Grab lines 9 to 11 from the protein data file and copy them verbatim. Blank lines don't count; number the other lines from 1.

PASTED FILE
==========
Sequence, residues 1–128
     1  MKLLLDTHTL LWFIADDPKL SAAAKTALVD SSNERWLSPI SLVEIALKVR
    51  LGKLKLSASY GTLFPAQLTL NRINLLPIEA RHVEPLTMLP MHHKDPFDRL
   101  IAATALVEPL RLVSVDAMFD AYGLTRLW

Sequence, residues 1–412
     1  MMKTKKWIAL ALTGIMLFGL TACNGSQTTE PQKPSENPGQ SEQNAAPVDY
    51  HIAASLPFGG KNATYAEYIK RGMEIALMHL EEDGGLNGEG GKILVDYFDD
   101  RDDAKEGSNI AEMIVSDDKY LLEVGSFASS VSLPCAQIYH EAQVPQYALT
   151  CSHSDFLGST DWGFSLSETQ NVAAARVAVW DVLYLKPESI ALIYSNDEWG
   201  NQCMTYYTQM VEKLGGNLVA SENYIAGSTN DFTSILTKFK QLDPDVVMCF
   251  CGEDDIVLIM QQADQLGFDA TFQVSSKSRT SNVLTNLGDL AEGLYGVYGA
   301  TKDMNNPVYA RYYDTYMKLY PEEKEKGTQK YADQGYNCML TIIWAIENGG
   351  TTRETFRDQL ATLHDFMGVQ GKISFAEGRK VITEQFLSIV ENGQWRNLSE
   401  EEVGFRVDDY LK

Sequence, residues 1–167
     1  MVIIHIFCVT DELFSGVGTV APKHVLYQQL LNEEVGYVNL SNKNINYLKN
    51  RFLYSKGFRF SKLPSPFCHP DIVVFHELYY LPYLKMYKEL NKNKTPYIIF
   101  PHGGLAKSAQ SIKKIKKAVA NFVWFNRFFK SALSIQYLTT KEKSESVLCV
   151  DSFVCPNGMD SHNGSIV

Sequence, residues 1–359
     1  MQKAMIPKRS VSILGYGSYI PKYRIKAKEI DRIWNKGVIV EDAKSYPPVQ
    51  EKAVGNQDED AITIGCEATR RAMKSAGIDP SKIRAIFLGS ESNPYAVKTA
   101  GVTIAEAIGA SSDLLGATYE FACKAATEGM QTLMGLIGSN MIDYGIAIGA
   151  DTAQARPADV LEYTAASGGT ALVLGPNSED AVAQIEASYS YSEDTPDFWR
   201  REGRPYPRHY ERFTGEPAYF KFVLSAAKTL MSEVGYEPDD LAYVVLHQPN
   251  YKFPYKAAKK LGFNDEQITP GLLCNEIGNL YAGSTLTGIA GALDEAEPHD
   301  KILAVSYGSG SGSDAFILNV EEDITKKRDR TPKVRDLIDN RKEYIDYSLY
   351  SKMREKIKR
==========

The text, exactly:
   151  CSHSDFLGST DWGFSLSETQ NVAAARVAVW DVLYLKPESI ALIYSNDEWG
   201  NQCMTYYTQM VEKLGGNLVA SENYIAGSTN DFTSILTKFK QLDPDVVMCF
   251  CGEDDIVLIM QQADQLGFDA TFQVSSKSRT SNVLTNLGDL AEGLYGVYGA